Variance and Dissent: The Effect of Study Sponsorship on Trials
The effect of study sponsorship on a systematically evaluated body of evidence of head-to-head trials was modest: secondary analysis of a systematic reviewThe objective of this study was to determine the effect of industry bias in a systematically reviewed body of evidence of head-to-head trials.
Pharmaceutical company–sponsored drug trials: the system is brokenOur response to Paul Shekelle's commentary is more an extension of his thoughts rather than a rebuttal, because we whole-heartedly agree with the points he has raised.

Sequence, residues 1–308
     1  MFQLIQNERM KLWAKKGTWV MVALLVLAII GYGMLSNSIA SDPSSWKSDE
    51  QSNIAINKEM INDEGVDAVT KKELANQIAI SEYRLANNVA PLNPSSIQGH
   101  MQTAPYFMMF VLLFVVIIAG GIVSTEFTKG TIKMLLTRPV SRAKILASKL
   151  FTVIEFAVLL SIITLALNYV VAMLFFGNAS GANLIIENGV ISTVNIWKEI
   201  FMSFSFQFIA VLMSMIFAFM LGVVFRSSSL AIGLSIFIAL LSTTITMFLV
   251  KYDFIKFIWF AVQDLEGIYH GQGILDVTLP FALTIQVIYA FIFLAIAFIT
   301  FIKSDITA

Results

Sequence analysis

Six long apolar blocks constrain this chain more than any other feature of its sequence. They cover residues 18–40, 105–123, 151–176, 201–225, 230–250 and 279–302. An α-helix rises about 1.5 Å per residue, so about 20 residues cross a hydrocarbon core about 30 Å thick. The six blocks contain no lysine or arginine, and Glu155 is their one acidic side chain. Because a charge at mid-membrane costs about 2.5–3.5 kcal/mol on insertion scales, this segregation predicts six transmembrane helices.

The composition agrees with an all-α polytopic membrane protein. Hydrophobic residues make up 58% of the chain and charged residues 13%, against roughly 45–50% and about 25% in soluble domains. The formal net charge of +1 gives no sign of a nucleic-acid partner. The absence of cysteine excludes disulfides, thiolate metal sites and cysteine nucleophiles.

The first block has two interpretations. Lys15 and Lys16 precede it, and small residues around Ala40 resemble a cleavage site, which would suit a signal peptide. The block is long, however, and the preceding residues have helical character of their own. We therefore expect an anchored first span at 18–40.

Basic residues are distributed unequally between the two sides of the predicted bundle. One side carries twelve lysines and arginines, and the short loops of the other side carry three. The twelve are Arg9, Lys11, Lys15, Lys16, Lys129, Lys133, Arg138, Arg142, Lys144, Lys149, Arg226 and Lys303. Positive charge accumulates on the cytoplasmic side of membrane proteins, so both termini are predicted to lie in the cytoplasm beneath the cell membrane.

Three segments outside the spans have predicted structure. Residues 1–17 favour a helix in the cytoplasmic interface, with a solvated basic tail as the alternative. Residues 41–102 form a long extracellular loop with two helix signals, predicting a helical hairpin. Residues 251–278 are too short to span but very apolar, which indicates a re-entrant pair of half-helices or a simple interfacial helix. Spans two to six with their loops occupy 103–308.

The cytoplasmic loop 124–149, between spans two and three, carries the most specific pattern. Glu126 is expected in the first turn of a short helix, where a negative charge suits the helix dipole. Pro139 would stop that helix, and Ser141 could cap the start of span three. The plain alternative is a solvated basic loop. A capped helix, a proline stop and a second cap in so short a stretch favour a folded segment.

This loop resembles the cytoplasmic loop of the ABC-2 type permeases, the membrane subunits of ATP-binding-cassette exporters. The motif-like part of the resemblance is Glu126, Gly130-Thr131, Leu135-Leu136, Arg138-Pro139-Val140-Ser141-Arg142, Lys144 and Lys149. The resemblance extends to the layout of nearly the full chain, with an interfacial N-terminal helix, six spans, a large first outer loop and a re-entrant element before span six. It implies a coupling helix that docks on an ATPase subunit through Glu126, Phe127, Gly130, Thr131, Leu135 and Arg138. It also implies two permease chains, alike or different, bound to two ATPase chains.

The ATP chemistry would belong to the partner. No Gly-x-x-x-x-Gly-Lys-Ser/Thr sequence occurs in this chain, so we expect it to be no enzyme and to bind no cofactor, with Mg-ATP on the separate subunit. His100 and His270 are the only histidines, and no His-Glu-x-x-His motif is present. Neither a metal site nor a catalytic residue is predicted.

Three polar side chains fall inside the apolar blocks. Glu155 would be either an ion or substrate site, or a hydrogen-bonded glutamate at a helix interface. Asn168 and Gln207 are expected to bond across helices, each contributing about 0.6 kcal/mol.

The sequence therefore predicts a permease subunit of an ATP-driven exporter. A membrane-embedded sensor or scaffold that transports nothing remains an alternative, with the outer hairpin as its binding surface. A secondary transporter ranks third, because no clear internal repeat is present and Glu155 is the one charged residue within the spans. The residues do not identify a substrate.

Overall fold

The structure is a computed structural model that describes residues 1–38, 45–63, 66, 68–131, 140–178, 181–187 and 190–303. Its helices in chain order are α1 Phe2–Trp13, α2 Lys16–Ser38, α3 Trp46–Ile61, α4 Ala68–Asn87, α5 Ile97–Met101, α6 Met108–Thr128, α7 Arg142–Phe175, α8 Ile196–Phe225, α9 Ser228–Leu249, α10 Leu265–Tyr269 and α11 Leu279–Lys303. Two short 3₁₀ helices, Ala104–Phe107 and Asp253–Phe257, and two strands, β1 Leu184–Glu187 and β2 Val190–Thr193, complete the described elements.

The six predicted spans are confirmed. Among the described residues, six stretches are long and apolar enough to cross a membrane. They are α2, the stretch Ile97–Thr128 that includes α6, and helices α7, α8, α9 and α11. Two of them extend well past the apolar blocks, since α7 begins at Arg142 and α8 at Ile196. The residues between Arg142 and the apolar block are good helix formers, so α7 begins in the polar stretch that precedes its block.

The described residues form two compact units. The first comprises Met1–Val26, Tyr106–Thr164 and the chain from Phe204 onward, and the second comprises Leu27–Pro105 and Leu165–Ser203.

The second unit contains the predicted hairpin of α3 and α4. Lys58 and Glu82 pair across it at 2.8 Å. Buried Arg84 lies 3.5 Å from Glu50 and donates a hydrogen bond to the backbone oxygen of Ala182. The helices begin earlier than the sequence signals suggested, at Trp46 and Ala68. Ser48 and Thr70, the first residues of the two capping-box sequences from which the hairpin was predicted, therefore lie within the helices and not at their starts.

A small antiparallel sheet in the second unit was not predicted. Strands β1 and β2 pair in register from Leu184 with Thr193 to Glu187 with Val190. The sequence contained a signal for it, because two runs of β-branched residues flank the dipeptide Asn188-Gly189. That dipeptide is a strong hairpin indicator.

Pharmaceutical company–sponsored drug trials: what are we to believe?The advancement of medical care depends to a large extent on the production of new knowledge, and for studies on the efficacy of drug treatments, this in turn depends mostly on randomized controlled trials. To make informed decisions about the risks and benefits of our available drug therapy options, we need trials that compare alternative ways of treating patients. But trials are expensive to conduct. Even modestly sized trials can easily run over a $1 million to plan, conduct, and analyze. Bigger trials, looking for smaller effect sizes or longer-term outcomes or comparing multiple different treatments, will cost more—potentially much, much more.